Moving on to the dynamics of IP licensing, he discussed Pervasive Technologies, IP licensing in industries requiring active know-how, and loss of labour as a comparative advantage in the context of rise of distributed manufacturing. He pointed out how fixing liability for infringement on 3D tech manufacturers since the 3D printing scenario may be problematic under IP laws in absence of actual knowledge of infringement since these machines may also carry-out non-infringing uses. With the remark that because of rampant infringement, licensing mechanisms would have to evolve, the discussion veered towards the challenges faced by the patent system.

Mr. Pai noted that the debate on challenges of the patent system centers on patent quality, patent quantity, and excessive litigation.  However, he expressed reservations on the validity of such debates in light of observations marking patent quality debate as a category mistake, the self-correcting tendencies of the markets and lack of systemic evidence on anti-commons, the sequential fallacies disputing the patent holdup/royalty stacking theories and also the lack of empirical evidence backing these theories, and finally the different effects different NPAs and PAEs can exert on the markets and the criticism of arriving at the cost of NPE litigation.

Next in the line of discussion were the role and limits of IP, Regulation, and Competition where the dialogue canvassed four key points. One, whether IP was private ordering or public ordering mechanism considering that the knowledge protected by IP is a public good, being non-rivalrous and non-excludable. Two, role and limits of competition law and policy when IP is a legal monopoly but not an economic monopoly and IP licensing is usually pro-competitive. Three, certainty and predictability in both ex-ante and ex-post regulation and four, compliance with international IP regimes.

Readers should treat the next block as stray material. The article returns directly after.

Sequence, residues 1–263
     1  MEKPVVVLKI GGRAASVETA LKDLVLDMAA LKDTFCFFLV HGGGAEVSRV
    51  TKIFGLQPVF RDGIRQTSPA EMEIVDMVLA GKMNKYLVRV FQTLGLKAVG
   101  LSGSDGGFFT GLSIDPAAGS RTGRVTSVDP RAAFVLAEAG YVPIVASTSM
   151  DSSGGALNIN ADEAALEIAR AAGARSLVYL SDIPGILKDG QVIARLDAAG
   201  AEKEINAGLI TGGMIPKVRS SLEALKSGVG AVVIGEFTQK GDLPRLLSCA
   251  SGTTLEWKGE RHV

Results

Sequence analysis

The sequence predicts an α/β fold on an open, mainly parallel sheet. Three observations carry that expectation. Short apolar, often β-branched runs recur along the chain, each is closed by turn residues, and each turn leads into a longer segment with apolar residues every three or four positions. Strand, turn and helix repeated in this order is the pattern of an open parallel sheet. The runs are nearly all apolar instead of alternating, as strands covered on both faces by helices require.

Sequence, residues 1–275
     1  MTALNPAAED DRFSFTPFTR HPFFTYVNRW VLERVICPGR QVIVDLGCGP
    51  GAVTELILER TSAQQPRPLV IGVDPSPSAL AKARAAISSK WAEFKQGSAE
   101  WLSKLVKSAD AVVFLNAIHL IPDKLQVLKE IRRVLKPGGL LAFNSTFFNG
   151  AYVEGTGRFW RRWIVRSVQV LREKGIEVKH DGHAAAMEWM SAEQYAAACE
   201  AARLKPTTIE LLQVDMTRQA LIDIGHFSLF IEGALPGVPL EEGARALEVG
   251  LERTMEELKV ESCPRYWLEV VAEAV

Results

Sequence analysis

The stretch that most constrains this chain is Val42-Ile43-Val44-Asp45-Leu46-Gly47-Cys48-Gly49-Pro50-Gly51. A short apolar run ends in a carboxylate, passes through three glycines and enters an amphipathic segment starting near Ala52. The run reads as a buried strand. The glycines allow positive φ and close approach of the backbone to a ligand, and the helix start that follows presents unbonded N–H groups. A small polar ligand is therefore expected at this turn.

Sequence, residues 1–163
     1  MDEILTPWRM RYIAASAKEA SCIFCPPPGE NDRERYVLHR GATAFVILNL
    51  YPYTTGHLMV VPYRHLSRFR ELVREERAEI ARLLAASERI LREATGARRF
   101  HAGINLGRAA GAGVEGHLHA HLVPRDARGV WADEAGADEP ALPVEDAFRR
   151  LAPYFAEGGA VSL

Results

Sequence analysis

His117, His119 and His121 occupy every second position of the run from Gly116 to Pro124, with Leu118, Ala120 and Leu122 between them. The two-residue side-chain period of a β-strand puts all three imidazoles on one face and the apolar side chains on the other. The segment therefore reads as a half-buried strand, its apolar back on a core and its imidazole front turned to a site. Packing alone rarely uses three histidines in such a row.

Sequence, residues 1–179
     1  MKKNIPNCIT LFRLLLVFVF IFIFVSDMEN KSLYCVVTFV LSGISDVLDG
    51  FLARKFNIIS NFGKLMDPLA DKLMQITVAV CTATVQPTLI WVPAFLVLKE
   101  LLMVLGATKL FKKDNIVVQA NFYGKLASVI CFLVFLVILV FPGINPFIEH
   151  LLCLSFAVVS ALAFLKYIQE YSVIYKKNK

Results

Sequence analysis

Taking up two case studies covering licensing of Standard Essential Patents (SEPs) and licensing in Agri-Biotech in India, the discussion in Case Study 1 then focused on the amorphous nature that FRAND commitments usually take, the inherently contentious and litigative nature of SEP licensing, the sudden eruption of FRAND litigation in India, and the pending investigations in Competition Commission of India for abuse of dominant position. Case study 2 covered the nature of BT technology and its use in cotton hybrids, the investigations and litigation surrounding Monsanto and MMBL in India, and price control on patented inputs.

Concluding the discussion, Mr. Pai made certain tentative recommendations calling for conceptual distinctions to be made between the legal instrumentalities to be used by policy makers, namely, private ordering covering contractual restrictions and limitations in restrictive IP covenants, Quasi-Private ordering covering Patent remedies, Quasi- Public ordering covering Competition Law where limitations in the context of IP assume importance, and  public ordering covering regulatory mechanisms in the form of price controls and compulsory licences where certainty and predictability are very important. He concluded by stating that a one-size-fits-all approach may be disingenuous for countries at different stages in the context of GVCs.

The presentation can be found here.